However, in contrast, the present invention provides a woven fabric whose warp threads or wires are maintained in linear form while the weft being of smaller diameter is deformed into serpentine form having the crest and trough and the gap between the wefts is narrowed, with the result that a highly desirable damping effect is obtained when the gauze is used as an acoustical resistance in the manner of the present invention.

Further, since the weft wires are of smaller diameter than the warp wires, the weft is easily woven to the warp.

The present invention may be contrasted significantly from the prior use of felt as the vibration damping material, since when the gauze is substituted therefor, the permeability is not affected by pressure, ambient temperature, humidity, etc., the damping characteristic is thus stabilized, and there are additional advantages.

Since the density of the metal gauze does not vary by external factors such as the environment of use, the air permeability is not affected. Secondly, since the density remains uniform over the wire gauze, the desired damping effect is obtained by use of a smaller area of the material in terms of that necessary when using felt. This is because to the contrary in the case of felt, a large area is required due to its non-uniform density. Thirdly, since the gauze is made of metal, there is no deterioration with time or variation in dimension, and no change occurs in the material in terms of its working or handling capability. Fourthly, the fitting is carried out, if necessary, as mentioned previously, without adhesive, so that the fixing of the damping material to the loud speaker is extremely simple and easy to achieve. Fifthly, during the fixing or fitting operation of the felt as the damping material to the loud speaker, fluctuation in damping is unavoidably produced in each of the loud speakers during fit, and therefore, adjustments must be made subsequent to fitting for each speaker manufactured. However, where metal wire gauze is employed, since the characteristics are uniform, there is no need for adjusting the amount of damping, etc., subsequent to fixing the wire gauze to the frame.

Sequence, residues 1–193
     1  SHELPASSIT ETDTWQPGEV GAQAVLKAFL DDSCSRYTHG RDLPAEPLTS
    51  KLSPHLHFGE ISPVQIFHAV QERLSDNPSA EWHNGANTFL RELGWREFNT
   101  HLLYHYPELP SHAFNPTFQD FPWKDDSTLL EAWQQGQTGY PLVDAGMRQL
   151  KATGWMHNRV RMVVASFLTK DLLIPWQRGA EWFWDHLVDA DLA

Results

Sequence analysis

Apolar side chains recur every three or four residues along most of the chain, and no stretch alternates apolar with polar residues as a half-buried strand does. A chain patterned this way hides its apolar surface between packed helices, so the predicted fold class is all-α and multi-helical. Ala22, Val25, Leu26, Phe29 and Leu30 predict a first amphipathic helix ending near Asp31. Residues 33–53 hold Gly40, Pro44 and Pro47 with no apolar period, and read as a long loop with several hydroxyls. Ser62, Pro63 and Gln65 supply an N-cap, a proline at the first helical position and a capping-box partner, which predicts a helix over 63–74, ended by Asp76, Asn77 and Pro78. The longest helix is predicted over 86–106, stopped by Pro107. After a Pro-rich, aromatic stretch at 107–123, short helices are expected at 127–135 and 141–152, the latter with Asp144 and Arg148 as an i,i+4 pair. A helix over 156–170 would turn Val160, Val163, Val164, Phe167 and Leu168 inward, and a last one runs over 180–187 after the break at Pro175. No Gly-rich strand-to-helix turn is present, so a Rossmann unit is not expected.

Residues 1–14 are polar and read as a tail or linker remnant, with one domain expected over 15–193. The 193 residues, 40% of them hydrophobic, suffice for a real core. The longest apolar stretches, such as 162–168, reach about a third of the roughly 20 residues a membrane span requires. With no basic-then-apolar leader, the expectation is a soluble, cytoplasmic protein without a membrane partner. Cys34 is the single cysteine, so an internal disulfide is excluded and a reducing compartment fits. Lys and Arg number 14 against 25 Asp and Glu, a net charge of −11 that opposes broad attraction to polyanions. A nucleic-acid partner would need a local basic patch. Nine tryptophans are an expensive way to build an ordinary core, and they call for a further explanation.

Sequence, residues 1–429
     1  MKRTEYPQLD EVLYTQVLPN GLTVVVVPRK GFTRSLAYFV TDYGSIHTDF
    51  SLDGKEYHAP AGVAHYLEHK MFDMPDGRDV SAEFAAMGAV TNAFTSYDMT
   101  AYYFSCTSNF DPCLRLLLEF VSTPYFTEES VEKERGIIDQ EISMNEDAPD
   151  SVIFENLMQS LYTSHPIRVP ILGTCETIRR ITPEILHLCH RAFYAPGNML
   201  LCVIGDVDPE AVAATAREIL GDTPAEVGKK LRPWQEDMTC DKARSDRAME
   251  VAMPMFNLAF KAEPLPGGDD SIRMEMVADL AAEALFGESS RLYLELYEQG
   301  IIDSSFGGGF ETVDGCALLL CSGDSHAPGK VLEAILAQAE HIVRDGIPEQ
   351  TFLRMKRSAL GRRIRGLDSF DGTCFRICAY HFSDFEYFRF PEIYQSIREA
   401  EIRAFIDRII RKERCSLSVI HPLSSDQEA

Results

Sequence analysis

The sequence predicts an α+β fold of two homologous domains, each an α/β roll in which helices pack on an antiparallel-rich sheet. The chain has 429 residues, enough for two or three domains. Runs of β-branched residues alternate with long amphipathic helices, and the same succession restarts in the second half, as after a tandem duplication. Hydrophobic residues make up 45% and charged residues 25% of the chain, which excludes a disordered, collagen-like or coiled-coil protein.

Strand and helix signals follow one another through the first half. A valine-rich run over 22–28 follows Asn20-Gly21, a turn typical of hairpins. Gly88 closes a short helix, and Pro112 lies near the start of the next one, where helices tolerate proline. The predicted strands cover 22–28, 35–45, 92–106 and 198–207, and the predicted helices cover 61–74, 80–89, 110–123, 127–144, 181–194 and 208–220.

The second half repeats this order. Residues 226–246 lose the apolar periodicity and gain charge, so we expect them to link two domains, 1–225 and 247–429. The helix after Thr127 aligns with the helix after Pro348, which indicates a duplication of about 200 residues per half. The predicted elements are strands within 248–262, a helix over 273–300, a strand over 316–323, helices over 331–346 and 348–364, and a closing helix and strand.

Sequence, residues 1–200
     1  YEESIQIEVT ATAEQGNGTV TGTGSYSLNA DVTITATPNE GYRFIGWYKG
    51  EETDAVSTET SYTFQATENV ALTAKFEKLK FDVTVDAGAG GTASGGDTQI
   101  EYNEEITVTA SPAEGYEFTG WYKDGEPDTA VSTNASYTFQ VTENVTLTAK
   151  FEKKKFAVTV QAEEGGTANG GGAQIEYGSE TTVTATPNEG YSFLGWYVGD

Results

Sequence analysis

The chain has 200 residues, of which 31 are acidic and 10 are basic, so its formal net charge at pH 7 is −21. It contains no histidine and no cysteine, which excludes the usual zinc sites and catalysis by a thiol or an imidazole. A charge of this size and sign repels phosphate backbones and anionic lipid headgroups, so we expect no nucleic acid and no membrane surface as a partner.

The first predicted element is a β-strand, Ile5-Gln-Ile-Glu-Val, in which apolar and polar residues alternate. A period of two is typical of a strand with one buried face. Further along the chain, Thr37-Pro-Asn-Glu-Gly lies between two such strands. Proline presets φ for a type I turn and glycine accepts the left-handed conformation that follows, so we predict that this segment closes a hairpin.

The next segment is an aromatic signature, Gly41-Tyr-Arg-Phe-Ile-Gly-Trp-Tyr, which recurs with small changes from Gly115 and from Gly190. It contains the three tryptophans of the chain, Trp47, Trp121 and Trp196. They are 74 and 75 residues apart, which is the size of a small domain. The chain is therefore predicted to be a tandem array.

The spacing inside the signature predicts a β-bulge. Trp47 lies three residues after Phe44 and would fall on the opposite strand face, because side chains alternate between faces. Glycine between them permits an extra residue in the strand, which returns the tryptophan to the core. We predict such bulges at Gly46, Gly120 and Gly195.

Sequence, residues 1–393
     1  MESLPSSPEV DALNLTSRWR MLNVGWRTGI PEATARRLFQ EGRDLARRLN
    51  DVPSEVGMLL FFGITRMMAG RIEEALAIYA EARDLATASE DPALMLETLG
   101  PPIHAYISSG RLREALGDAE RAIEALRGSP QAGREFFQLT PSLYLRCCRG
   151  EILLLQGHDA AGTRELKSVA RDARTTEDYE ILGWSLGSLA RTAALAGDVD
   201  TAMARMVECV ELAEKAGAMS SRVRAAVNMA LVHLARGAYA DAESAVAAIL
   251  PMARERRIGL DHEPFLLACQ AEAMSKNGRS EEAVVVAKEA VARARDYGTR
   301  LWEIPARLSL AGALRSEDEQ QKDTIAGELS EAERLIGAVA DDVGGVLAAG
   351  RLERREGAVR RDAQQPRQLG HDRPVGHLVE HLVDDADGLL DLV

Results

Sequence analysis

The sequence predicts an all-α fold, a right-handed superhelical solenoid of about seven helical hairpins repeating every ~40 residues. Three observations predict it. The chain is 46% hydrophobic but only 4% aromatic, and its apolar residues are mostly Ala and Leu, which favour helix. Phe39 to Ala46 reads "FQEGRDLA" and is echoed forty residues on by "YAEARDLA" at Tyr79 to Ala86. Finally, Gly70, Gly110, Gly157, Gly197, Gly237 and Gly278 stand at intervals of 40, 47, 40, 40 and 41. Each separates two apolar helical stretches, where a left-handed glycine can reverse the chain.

While the invention has been particularly shown and described with reference to a preferred embodiment thereof, it will be understood by those skilled in the art that various changes in form and details may be made therein without departing from the spirit and scope of the invention.

Patent Citations
Cited PatentFiling datePublication dateApplicantTitle
US2249161 *May 19, 1939Jul 15, 1941Bell Telephone Labor IncElectroacoustic device
US2540498 *Mar 18, 1949Feb 6, 1951Bell Telephone Labor IncMicrophone damping system having rear openings
US2761912 *May 31, 1951Sep 4, 1956Kettler Alfred HSound translating apparatus
US2763730 *May 31, 1951Sep 18, 1956Astatic CorpMicrophone having controllable directional characteristics
US3261927 *Jan 22, 1962Jul 19, 1966Siemens AgElectroacoustic transducer comprising a magnetic system with annular air gap and a resonator
US3418437 *Jul 12, 1965Dec 24, 1968Siemens AgElectro-acoustic transducer having a resonator cavity damped
GB1027951A * Title not available
Referenced by
Citing PatentFiling datePublication dateApplicantTitle
US5619019 *Jun 1, 1995Apr 8, 1997Mitsubishi Denki Kabushiki KaishaDamper for loudspeaker
US8569188 *Mar 2, 2004Oct 29, 2013Messier-Bugatti-DowtyOne piece shim
US20060180085 *Mar 2, 2004Aug 17, 2006Kenny ChangOne piece shim
U.S. Classification181/166, 181/158, 381/354, 181/160
International ClassificationH04R1/22, H04R9/06, G10K11/00
Cooperative ClassificationH04R1/225, G10K11/002, H04R9/06
European ClassificationG10K11/00B, H04R1/22C, H04R9/06